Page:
Danny Wilson is a Royal Society Sir Henry Dale Fellow at the Nuffield Department of Medicine in Oxford where he investigates analysis and treatment of infectious diseases. He tells us about the development of the ‘Resistance is futile’ fairground stall, a public engagement initiative which aims to highlight the problem of antibiotic resistance.
What did you do?
We were delighted to have the opportunity to present our research at the Royal Society’s ‘Next Big Thing’ Science Museum Lates evening in London. My group is part of the Modernising Medical Microbiology consortium and based at Oxford’s John Radcliffe Hospital, where we have a lot of enthusiastic scientists passionate about communicating their work to a wider audience. Much of our work centres on a few key research questions: how can we use DNA to track disease transmission, identify drug-resistant superbugs and find genes that make bacteria more dangerous? To publicise these ideas, we developed the ‘Resistance is Futile’ fairground stall.
We got involved by responding to one of the Royal Society’s calls for applications to participate in their Science Museum Lates. We wanted to explain the problem of antibiotic resistance and communicate our research which aims to help diagnose resistant bacteria more quickly, track spread and find disease-risk genes by reading their DNA sequences.
What types of activities did you have?
The stall features an Antibiotic Resistance Coconut Shy, Dance Dance Evolution Dance Mat and Phil Fowler’s Bash the Bug Zooniverse Game (http://bit.ly/bashthebug) The aim of the Antibiotic Resistance Coconut Shy is to show how overuse of antibiotics in society creates an evolutionary selection pressure that favours the rise of antibiotic-resistant superbugs. Some coconuts, representing resistant bacteria, are harder to knock off with the antibiotic beanbags than other coconuts, which represent sensitive bacteria. After throwing the beanbags (using the antibiotics), the relative frequency of the hard-to-knock-off, antibiotic-resistant coconuts tends to rise, because they were left while the other, sensitive coconuts were knocked off (killed).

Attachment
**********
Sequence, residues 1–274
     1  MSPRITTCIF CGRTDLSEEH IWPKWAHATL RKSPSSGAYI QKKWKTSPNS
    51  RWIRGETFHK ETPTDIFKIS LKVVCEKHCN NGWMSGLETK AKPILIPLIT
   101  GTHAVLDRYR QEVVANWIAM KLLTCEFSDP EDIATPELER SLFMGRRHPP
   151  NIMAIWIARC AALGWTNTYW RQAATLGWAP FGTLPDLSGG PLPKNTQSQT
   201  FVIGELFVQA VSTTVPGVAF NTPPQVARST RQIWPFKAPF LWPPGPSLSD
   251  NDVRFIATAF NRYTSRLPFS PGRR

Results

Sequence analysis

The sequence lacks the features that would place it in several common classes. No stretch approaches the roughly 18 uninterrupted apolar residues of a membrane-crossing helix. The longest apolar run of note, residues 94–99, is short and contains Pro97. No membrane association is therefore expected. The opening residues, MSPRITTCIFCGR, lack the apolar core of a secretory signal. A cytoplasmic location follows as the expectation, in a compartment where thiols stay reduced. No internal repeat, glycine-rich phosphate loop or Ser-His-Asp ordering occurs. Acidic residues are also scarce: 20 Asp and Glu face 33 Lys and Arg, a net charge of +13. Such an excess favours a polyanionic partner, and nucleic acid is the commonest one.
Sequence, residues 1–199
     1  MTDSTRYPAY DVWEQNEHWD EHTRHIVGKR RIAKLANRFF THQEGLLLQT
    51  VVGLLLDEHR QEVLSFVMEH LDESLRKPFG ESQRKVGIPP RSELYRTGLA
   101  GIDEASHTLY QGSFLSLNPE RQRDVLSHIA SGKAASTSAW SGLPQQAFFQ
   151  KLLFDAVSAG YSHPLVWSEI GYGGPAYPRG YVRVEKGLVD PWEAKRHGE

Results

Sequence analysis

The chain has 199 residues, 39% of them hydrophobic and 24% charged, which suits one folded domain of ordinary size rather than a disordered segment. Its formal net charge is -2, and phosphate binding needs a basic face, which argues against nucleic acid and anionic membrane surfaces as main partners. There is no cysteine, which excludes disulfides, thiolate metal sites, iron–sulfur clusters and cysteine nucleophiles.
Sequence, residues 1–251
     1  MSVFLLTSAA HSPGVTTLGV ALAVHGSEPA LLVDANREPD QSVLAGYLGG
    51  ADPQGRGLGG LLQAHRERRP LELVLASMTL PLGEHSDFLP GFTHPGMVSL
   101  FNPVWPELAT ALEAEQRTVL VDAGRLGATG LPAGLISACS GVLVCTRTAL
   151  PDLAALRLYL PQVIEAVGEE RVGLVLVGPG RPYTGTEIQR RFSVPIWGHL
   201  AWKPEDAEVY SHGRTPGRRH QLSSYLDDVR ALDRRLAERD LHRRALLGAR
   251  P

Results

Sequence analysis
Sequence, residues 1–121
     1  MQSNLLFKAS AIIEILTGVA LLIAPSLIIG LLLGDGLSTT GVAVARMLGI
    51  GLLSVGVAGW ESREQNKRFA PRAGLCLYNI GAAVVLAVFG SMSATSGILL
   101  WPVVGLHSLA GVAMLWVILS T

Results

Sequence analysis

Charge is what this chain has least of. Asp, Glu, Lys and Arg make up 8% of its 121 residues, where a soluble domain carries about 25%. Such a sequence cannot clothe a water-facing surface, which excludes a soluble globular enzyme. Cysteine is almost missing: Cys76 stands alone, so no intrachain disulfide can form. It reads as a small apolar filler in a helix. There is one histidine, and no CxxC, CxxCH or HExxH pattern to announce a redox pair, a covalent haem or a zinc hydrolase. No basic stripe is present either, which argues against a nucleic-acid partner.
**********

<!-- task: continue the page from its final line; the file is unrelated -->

The Dance Dance Evolution Dance Mat, created by Gareth Jenkin-Jones, shows how genetic differences arise between bacteria, which we use for tracking their spread. The aim of the game is to copy a DNA sequence as faithfully as possible using the dance mat: instead of the usual up/down/left/right dance moves, we replaced them with A/C/G/T. Like mutations that occur when DNA is copied during bacterial replication, missteps in copying the dance mat sequence are inevitable sooner or later. In our research, we use these unique mutations to identify closely related infections that represent recent spread from patient-to-patient.
The Bash the Bug Game is a citizen science project aimed at recruiting thousands of volunteers from across the internet to help identify antibiotic resistant bugs. Because the human eye is often better at discriminating images than computers, volunteers help to classify miniature plastic tubes as showing bacterial growth or not, across a range of antibiotic exposures. This allows us to more accurately quantify antibiotic resistance in large numbers of bacterial strains, which we can then use to help find new genes in the bugs that promote drug resistance.
What was the experience like?
The evening was fun, very busy with a great reception. The coconut shy is a good ice breaker to get people talking about the science behind it. In between talking to visitors to the stall there was opportunity to visit stalls from many other researchers covering lots of interesting themes.
I think there are a lot of benefits from taking part, beyond communicating scientific ideas and the purpose of our research. It is challenging to explain scientific research to a general audience, but it gets easier with practice, so these opportunities are valuable. Concisely explaining difficult concepts is vital not only for public engagement, but also in grant applications and writing accessible papers. The process of planning what we hoped would be an interesting and fun event helped really clarify where our research fits into the big picture, and that is important for identifying priorities for future work.
What advice would you give to other research fellows?
I think one of the things that worked well for us was to make the activities fun, even a bit silly, completely irrespective of the science, and then trying to weave the story we wanted to tell into that.
Putting together an enthusiastic team was the most important part of coming up with fun ideas that would draw people in, communicating the scientific message and running the event on the night. There are lots of opportunities for public engagement – we’ve also participated in the Cheltenham and Oxfordshire Science festivals for example – and having put together a collection of activities, we can reuse them at other events, which means the time and energy that goes into planning can have benefits beyond the one event.